Brainerd parents demand resignations, damages over school mask mandate The district called the legal claims illegitimate. Audience members listen in on the Brainerd School Board meeting Wednesday, March 9, 2022. Theresa Bourke / Brainerd Dispatch <https://www.brainerddispatch.com/author/Theresa-Bourke1> By Theresa Bourke March 10, 2022 06:00 AM Share BRAINERD — Twenty-two Brainerd parents want School Board members to resign and pay punitive damages related to the district’s face covering mandate this year. The district’s legal counsel, however, says there’s no legal basis for the demands. Brainerd School Board members received “notice of wrongdoing and demand for redress” documents Wednesday, March 9, signed by 22 district parents. In short, the parents are demanding board members — along with Superintendent Laine Larson and Assistant Superintendent Heidi Hahn — resign by April 1 and each pay every parent complainant $250,000 in damages. Keith Haskell, who identified himself as an investigator with the National Action Task Force, passed out the documents to each board member during the public forum portion of Wednesday’s board meeting. Board member Tom Haglin was absent, as was Larson, who was attending the Minnesota Association of School Administrators Conference. Parent Nick Hillman addressed the board just before Haskell doled out the documents. “Here we are again, and it’s interesting to me to find out more information about why you would possibly not listen to the public on the illegal mask mandate issued on our kids and continued to push through with your own ways regardless. You are violating parent and child rights,” Hillman said. Hillman and others have addressed School Board members numerous times since the beginning of the school year, criticizing the district’s face covering policy put in place last August <https://www.brainerddispatch.com/news/brainerd-students-to-mask-up-split-school-board-vote-mandates-face-coverings> . The face covering mandate, which is no longer in effect, required staff, students and all visitors to district buildings to wear a mask or face shield while inside the building, with certain exceptions made for athletes competing in sports and for those with identified medical or behavioral needs. The board began phasing out masking requirements <https://www.brainerddispatch.com/news/local/listen-brainerd-schools-to-begin-phasing-out-mask-mandate> in mid-February. Haglin voted against the mandate in August, and it is unclear if he will receive the same documents as the rest of the board, as Hahn said there was not a packet left for him after Wednesday’s meeting. After demanding board member resignations and threatening legal action in the past, Hillman said Wednesday, “It’s time for all of you to go.” The packets handed to Hahn and board members included signed statements from the parents, the top one signed by Hillman himself. Hillman’s document laid out 13 “statements of fact,” asserting he was stopped from attending School Board meetings on three occasions in October and November last year for not wearing a face mask. “There is no authority delegated by the People of Minnesota in their Constitution providing for the power to interfere with their unalienable rights recognized under common law,” the document read. “... There is no statutory law of Minnesota establishing a general requirement for any one of the People to wear an unspecified medical device.” The School Board began live streaming meetings on YouTube during the COVID-19 pandemic and also offered face coverings in the boardroom for those who did not have them. Hillman did attend and wear a mask to all three meetings mentioned in his statement. The document calls for public resignations in writing no later than 8 a.m. April 1 and the payment of $250,000 in punitive damages for hindering the “free exercise or enjoyment of any right or privilege” secured to the complainant by the U.S. Constitution. The damages demand amounts to $5.5 million per board member. The statement, signed on March 6, also calls for a cease and desist with enforcement of wearing a face mask to gain entry into district buildings. The last phase of the board’s plan to eliminate the masking requirement went into effect Feb. 28, with face coverings no longer required in district buildings. Haskell told the Dispatch after handing out the documents the claims are against each individual board member and not the board as whole in an effort to pierce “the veil of protection that they have through the School Board’s attorney and legal representation.”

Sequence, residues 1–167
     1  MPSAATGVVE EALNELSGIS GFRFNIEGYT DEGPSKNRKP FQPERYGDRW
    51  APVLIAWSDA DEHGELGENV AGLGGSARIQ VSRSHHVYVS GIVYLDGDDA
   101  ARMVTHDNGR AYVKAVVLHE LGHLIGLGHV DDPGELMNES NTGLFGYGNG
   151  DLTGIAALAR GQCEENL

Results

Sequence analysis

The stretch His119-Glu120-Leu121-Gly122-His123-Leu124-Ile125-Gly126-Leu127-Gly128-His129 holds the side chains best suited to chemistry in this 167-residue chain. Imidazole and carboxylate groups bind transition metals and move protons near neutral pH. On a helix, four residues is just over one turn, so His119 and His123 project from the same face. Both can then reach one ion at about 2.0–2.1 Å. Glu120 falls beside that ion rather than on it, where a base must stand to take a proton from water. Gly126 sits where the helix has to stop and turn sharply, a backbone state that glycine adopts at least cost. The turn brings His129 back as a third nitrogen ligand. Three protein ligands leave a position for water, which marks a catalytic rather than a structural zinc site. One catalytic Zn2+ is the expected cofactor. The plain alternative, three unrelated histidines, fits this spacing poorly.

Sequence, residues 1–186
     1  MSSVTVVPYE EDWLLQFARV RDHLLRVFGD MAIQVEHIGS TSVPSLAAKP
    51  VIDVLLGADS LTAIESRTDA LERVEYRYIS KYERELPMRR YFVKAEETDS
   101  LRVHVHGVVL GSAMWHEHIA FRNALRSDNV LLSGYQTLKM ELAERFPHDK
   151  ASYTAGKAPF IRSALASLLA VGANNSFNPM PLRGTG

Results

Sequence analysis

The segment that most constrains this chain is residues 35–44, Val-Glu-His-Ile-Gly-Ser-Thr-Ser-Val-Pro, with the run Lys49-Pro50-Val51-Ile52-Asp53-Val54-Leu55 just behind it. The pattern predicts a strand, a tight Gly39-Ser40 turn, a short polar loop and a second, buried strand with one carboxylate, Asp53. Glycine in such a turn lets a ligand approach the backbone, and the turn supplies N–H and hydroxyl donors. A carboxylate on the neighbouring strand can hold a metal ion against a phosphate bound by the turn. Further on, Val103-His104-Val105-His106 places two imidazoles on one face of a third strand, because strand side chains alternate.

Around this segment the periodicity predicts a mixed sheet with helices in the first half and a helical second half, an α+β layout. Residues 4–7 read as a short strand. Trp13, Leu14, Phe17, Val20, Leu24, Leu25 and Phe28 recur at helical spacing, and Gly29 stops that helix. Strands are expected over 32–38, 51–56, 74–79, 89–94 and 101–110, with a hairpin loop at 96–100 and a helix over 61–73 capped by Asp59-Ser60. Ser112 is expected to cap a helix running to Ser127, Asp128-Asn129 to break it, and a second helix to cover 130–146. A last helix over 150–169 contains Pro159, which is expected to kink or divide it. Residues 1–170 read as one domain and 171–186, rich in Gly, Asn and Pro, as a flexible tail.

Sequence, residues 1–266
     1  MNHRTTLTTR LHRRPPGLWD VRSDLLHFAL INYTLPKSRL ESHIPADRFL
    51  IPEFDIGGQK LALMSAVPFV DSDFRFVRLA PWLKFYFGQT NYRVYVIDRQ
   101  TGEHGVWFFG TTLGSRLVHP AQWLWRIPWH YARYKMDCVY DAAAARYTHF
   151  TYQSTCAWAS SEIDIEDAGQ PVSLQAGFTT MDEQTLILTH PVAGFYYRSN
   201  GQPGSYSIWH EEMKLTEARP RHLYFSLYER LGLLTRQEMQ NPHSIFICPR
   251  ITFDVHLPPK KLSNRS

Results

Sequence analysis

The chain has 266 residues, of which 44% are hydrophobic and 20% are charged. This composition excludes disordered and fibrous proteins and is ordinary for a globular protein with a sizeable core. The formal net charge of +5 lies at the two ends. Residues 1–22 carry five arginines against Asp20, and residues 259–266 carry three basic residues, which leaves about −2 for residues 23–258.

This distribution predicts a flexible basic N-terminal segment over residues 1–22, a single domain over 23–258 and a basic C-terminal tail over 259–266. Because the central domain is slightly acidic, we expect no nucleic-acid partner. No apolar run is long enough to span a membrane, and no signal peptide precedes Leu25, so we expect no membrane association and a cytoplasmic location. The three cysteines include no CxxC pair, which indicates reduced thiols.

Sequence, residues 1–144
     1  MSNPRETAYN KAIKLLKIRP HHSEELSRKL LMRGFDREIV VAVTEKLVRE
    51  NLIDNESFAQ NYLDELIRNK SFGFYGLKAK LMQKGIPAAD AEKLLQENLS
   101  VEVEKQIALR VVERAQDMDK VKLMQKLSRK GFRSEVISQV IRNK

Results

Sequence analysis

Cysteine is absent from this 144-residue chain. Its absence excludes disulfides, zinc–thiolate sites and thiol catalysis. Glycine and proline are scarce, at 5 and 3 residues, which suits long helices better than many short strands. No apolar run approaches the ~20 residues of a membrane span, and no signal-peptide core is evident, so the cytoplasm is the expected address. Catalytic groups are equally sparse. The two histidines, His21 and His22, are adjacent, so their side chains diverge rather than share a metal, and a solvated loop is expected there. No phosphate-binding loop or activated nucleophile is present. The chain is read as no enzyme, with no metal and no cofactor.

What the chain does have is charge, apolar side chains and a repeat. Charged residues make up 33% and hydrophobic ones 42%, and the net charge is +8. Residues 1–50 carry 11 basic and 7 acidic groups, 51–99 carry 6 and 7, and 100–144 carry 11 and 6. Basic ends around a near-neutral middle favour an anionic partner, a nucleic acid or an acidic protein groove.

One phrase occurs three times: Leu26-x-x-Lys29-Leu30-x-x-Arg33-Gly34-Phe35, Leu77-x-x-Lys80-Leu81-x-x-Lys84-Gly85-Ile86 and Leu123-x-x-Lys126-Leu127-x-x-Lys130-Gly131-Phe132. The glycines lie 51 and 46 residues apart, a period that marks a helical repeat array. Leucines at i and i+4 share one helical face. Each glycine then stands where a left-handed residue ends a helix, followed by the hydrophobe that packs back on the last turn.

Keith Haskell, an investigator with the National Advisory Task Force, hands out legal documents to Brainerd School Board members during their meeting Monday, March 9, 2022. Screenshot Haskell and Hillman both questioned whether the face covering requirement was an attempt from the district to secure extra COVID-19 relief funding, including the third round of Elementary and Secondary School Emergency Relief funds from the American Rescue Plan Act. While Hahn said there are guidelines schools must follow to accept the federal funds, she said there is no truth to the district receiving more funds because of a mask mandate, and much of the funds were tied to the district’s free and reduced lunch population. According to the U.S. Office of Elementary and Secondary Education, the emergency relief funds were issued to schools in the same proportion as each state received funds under Part A of Title I of the Elementary and Secondary Education Act of 1965. That act is a program established to distribute funding to schools and school districts with a high percentage of students from low-income families. Further claims Julie Becker, another parent with students in the district, told board members during public forum they have failed to uphold the U.S. Constitution, as sworn to in their oaths of office, through mask mandates, COVID-19 tracing and quarantines. Becker presented them with notices of claim signed by three parents. The notices name Larson, Hahn and all board members except for Haglin. The notices assert the parents reserve the right to file a civil action in federal court under the “Common Law for Trespass OR under Title 42 Section 11983, for the deprivation of rights, privileges, and immunities by the Constitutions and Laws.” The notices also assert the parents reserve the right to file criminal complaints for any action found to be non-compliant with U.S. codes relating to conspiracy against rights, deprivation of rights, false statements or entries, obstruction of persons in free exercise of religious belief, fictitious obligations and deprivation of religious beliefs. The claim says board members have 48 hours to either rebut the affidavit of fact presented, or the parents will begin to proceed with administrative, civil and criminal remedies.